Global change, life-history complexity and the potential for evolutionary rescue

Authors: Dustin J Marshall, Scott C Burgess and Tim Connallon

Published in: Evolutionary Applications, May 2016


Most organisms have complex life cycles, and in marine taxa, larval life-history stages tend to be more sensitive to environmental stress than adult (reproductive) life-history stages.

While there are several models of stage-specific adaptation across the life history, the extent to which differential sensitivity to environmental stress (defined here as reductions in absolute fitness across the life history) affects the tempo of adaptive evolution to change remains unclear.

We used a heuristic model to explore how commonly observed features associated with marine complex life histories alter a population’s capacity to cope with environmental change.

We found that increasing the complexity of the life history generally reduces the evolutionary potential of taxa to cope with environmental change. Our model also predicted that genetic correlations in stress tolerance between stages, levels of genetic variance in each stage, and the relative plasticity of different stages, all interact to affect the maximum rate of environmental change that will permit species persistence.

Our results suggest that marine organisms with complex life cycles are particularly vulnerable to anthropogenic global change, but we lack empirical estimates of key parameters for most species.


Marshall DJ, Burgess SC, Connallon T (2016) Global change, life-history complexity and the potential for evolutionary rescue, Evolutionary ApplicationsPDF 434 KB doi:10.1111/eva.12396

The genetic covariance between life cycle stages separated by metamorphosis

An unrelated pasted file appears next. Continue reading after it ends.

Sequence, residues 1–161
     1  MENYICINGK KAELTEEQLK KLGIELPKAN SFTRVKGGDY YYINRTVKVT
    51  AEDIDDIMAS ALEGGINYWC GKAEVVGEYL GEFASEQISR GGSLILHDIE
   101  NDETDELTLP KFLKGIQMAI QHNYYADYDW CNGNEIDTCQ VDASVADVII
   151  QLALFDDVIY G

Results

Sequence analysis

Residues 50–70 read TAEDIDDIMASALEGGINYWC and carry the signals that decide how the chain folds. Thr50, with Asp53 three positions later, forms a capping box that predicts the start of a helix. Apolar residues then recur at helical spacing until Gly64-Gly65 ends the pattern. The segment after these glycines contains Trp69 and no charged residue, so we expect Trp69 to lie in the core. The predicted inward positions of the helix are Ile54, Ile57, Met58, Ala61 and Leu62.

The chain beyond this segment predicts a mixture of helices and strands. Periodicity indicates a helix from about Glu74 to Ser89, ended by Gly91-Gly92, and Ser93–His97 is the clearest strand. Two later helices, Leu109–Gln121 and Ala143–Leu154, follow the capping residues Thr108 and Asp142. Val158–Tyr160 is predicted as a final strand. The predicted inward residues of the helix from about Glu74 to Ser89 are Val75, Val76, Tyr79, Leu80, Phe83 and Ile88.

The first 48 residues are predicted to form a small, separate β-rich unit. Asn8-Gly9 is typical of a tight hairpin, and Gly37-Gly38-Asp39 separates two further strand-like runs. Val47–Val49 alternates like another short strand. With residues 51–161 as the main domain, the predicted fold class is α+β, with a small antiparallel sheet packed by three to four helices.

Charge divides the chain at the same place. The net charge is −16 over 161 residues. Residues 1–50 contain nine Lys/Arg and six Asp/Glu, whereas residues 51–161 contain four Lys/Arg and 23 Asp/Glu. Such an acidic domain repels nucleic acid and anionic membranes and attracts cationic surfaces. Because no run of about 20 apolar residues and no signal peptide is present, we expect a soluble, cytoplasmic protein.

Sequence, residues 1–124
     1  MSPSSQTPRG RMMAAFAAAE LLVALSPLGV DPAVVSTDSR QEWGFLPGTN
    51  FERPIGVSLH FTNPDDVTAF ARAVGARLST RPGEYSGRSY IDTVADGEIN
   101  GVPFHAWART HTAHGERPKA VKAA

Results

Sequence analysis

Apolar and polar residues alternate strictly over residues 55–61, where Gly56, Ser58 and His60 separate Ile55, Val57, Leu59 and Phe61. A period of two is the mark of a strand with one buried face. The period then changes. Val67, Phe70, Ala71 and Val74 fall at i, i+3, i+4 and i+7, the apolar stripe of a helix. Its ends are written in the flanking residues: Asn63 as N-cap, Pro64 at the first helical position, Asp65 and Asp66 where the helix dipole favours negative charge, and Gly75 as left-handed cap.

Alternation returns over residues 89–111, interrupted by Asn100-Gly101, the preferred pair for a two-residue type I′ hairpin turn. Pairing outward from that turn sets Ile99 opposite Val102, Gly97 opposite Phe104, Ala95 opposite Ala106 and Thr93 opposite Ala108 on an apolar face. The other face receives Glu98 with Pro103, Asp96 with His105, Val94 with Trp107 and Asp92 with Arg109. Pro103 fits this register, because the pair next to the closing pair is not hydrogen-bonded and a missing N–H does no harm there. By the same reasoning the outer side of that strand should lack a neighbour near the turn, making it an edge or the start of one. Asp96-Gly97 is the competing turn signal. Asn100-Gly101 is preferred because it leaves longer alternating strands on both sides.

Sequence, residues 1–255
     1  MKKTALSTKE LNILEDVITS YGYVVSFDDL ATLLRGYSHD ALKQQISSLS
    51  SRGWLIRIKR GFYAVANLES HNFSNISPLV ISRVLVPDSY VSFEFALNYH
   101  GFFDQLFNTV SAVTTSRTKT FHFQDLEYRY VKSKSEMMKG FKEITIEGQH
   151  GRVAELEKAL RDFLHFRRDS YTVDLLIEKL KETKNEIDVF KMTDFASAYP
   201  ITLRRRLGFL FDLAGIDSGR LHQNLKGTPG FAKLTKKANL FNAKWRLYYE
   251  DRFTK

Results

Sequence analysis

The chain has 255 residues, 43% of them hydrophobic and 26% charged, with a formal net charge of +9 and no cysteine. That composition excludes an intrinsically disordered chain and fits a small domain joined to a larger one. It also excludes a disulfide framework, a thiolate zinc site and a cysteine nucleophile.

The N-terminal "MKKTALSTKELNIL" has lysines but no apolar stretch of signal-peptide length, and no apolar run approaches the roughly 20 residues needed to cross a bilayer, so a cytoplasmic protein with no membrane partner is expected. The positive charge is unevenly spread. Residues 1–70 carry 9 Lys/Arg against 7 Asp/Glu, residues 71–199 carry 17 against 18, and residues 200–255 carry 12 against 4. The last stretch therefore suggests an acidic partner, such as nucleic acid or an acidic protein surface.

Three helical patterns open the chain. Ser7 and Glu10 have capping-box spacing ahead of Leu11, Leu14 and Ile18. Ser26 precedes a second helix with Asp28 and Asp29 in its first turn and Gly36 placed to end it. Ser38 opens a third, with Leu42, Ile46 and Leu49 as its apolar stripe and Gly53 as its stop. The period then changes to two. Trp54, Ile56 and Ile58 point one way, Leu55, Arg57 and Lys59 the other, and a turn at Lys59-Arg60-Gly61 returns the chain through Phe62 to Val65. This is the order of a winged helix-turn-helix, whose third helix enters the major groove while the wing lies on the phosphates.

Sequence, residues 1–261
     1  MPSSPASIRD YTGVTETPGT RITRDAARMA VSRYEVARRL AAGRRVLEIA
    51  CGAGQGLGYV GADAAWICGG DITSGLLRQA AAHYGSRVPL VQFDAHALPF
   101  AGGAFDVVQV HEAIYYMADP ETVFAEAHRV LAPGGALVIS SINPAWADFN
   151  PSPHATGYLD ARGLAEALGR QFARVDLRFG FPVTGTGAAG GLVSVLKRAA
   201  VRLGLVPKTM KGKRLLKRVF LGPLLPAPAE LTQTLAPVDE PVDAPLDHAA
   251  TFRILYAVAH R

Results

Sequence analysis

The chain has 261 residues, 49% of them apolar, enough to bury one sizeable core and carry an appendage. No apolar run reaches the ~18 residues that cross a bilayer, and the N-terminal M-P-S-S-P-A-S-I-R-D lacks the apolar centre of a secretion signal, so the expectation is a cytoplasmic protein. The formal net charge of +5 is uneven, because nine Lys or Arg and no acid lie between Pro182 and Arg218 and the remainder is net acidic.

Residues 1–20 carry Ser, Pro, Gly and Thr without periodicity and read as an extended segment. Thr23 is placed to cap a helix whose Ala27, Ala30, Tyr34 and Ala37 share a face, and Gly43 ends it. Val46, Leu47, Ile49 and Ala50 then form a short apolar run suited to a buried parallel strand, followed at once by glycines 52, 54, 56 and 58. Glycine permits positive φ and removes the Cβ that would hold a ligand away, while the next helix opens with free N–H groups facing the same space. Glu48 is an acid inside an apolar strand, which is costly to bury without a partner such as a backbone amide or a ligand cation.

Authors: David Aguirre, Mark W Blows and Dustin J Marshall

Published in: Proceedings of the Royal Society B, volume 281 number 1788 (July 2014)


Metamorphosis is common in animals, yet the genetic associations between life cycle stages are poorly understood.

Given the radical changes that occur at metamorphosis, selection may differ before and after metamorphosis, and the extent that genetic associations between pre- and post-metamorphic traits constrain evolutionary change is a subject of considerable interest. In some instances, metamorphosis may allow the genetic decoupling of life cycle stages, whereas in others, metamorphosis could allow complementary responses to selection across the life cycle.

Using a diallel breeding design, we measured viability at four ontogenetic stages (embryo, larval, juvenile and adult viability), in the ascidian Ciona intestinalis and examined the orientation of additive genetic variation with respect to the metamorphic boundary.

We found support for one eigenvector of G (gobsmax), which contrasted larval viability against embryo viability and juvenile viability. Target matrix rotation confirmed that while gobsmax shows genetic associations can extend beyond metamorphosis, there is still considerable scope for decoupled phenotypic evolution.

Therefore, although genetic associations across metamorphosis could limit that range of phenotypes that are attainable, traits on either side of the metamorphic boundary are capable of some independent evolutionary change in response to the divergent conditions encountered during each life cycle stage.

Full paper

Aguirre JD, Blows MW, Marshall DJ (2014) The genetic covariance between life cycle stages separated by metamorphosis. Proceedings of the Royal Society B. 281: 20141091. PDF 554 KB DOI 10.1098/rspb.2014.1091